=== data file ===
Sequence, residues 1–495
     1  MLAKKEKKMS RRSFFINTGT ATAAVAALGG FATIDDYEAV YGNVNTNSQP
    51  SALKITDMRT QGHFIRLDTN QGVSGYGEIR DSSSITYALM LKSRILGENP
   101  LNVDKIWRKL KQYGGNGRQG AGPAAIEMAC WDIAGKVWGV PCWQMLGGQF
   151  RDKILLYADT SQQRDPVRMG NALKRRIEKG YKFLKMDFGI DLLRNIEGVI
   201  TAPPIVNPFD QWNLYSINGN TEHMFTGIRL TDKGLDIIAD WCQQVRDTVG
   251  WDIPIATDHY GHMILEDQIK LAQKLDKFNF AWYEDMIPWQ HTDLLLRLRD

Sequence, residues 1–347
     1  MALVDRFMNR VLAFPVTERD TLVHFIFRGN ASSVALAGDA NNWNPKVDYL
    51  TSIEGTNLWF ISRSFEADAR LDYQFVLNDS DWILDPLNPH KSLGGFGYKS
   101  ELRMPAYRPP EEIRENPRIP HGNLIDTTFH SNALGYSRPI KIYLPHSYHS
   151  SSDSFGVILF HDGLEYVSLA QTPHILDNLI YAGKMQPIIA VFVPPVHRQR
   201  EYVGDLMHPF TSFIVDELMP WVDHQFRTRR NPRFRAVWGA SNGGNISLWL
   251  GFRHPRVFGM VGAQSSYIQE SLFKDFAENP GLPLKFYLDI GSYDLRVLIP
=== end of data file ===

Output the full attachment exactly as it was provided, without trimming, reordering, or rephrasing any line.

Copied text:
Sequence, residues 1–495
     1  MLAKKEKKMS RRSFFINTGT ATAAVAALGG FATIDDYEAV YGNVNTNSQP
    51  SALKITDMRT QGHFIRLDTN QGVSGYGEIR DSSSITYALM LKSRILGENP
   101  LNVDKIWRKL KQYGGNGRQG AGPAAIEMAC WDIAGKVWGV PCWQMLGGQF
   151  RDKILLYADT SQQRDPVRMG NALKRRIEKG YKFLKMDFGI DLLRNIEGVI
   201  TAPPIVNPFD QWNLYSINGN TEHMFTGIRL TDKGLDIIAD WCQQVRDTVG
   251  WDIPIATDHY GHMILEDQIK LAQKLDKFNF AWYEDMIPWQ HTDLLLRLRD

Sequence, residues 1–347
     1  MALVDRFMNR VLAFPVTERD TLVHFIFRGN ASSVALAGDA NNWNPKVDYL
    51  TSIEGTNLWF ISRSFEADAR LDYQFVLNDS DWILDPLNPH KSLGGFGYKS
   101  ELRMPAYRPP EEIRENPRIP HGNLIDTTFH SNALGYSRPI KIYLPHSYHS
   151  SSDSFGVILF HDGLEYVSLA QTPHILDNLI YAGKMQPIIA VFVPPVHRQR
   201  EYVGDLMHPF TSFIVDELMP WVDHQFRTRR NPRFRAVWGA SNGGNISLWL
   251  GFRHPRVFGM VGAQSSYIQE SLFKDFAENP GLPLKFYLDI GSYDLRVLIP